10 tips for road trips with your cat

Plan a road trip soon? You might be glad to know that road trips with your cat are not only an option, but can be a great bonding experience as well.

You don’t have to find a cat sitter, and your kitty won’t miss you because it’s right there with you. As with any adventure, however, it is important to be prepared!

Here are ten tips that can help you and your cat have the best, safest and most fun road trip together!

Familiarize your cat with your car

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Start by taking your kitty to the car before you plan to leave. Sit together in the back seat and give your cat some treats, then pet and brush it.

Give your cat the opportunity to sniff and explore the entire car. Bring out the carrier and place it where it will be when you travel.

Play soothing music. Maybe take a few short trips around the block, nice and slow, so Kitty can get used to the movement and you can see how they will react to being in the car.

Talk to your veterinarian about treatment

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If your cat doesn’t respond well to your trial trips, talk to your vet about ways to treat possible anxiety or motion sickness.

If you’re planning a cross-country move, the distance may be too far for your cat to travel. However, depending on the length of your car ride, a carefully prescribed relaxant or herbal supplement to tone it down may be the best idea.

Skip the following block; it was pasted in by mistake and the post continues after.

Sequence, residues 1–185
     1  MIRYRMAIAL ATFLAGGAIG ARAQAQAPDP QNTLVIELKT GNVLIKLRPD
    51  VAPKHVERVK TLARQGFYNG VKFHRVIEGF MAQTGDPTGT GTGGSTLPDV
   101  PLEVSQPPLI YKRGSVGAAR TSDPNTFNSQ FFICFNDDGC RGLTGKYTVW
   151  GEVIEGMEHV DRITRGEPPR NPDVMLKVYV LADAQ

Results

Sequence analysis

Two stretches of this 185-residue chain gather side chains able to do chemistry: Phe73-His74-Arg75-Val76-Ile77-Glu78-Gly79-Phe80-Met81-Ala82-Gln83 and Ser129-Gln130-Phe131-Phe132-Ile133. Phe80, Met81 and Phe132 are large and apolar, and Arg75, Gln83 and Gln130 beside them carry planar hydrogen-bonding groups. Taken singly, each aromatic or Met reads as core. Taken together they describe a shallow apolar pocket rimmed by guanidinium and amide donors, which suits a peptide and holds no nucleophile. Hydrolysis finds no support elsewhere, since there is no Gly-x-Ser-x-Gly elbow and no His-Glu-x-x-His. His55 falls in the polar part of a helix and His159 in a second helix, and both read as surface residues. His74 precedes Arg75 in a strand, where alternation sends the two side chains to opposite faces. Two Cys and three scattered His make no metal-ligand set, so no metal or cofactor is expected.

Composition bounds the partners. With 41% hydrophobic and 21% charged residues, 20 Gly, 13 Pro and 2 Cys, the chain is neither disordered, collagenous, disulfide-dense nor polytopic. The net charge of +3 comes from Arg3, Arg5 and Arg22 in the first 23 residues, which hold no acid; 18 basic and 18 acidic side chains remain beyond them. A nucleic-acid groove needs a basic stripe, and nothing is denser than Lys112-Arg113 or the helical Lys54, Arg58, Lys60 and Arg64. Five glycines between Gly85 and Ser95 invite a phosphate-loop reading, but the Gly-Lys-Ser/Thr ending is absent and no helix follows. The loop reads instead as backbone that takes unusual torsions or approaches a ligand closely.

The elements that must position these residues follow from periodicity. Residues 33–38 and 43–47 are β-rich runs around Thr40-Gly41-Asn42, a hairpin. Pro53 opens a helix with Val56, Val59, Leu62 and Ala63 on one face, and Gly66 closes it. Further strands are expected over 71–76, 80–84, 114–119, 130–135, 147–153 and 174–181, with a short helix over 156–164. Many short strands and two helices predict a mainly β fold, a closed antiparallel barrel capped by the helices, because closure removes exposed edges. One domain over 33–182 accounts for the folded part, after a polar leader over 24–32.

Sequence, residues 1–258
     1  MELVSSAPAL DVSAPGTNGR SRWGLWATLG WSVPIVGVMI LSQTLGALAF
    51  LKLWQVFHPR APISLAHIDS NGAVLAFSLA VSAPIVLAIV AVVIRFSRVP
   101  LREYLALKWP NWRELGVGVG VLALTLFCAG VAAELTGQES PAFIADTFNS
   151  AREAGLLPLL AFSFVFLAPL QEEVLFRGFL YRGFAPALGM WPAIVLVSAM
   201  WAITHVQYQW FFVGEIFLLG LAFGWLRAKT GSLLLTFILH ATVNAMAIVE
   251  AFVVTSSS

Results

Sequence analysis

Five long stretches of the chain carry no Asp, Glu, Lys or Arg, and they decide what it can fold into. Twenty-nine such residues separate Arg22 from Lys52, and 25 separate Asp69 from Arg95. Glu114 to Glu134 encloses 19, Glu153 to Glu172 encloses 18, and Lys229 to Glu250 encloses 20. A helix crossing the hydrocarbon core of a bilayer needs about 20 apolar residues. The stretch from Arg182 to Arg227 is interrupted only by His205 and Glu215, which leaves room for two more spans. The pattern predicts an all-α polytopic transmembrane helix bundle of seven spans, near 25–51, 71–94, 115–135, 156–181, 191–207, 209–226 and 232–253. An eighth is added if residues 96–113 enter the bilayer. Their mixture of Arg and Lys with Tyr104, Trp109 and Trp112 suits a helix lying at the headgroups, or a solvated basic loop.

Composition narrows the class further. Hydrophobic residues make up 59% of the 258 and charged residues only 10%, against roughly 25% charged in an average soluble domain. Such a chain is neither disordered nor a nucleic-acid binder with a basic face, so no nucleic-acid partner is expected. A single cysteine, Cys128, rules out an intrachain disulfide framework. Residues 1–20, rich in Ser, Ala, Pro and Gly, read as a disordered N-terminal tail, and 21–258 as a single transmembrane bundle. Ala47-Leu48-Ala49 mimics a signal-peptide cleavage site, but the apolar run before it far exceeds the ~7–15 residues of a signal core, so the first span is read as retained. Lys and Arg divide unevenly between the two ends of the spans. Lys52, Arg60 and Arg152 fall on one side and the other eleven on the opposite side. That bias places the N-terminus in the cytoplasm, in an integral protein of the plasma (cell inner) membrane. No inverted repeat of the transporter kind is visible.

Your veterinarian has a variety of options that can help you calm your kitty on your trip.

Give Kitty food and water before the trip

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Offer your cat food and water before heading out on the open road. Give kitty time to use the litter box after eating.

If your cat suffers from motion sickness, feed a light snack.

NOTE: If your cat is likely to get very sick in the car, it is better to withhold food and water starting about eight hours before hitting the road. You may want to consider other options and talk to your veterinarian.

Keep your cat in a carrier

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It is not safe for your cat to move freely in your car. They could get under your feet and interfere with your driving. If you have an accident, your cat can be seriously injured if you are not in a carrier.

Carriers provide a safe, quiet space for your cat and help alleviate at least some of the anxiety they may feel.

We hear stories all the time of cats getting lost on road trips and in rest stops. A cat carrier is really important for so many reasons.

Prepare for messes

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It may be a good idea to line your cat carrier with a disposable liner or old towels that can be discarded or laundered.

This makes a potty accident much easier to manage and easy to clean up when you’re on the road.

Be sure to bring a few trash bags for soiled towels. You may want to pack paper towels and cleaning solutions for extra security.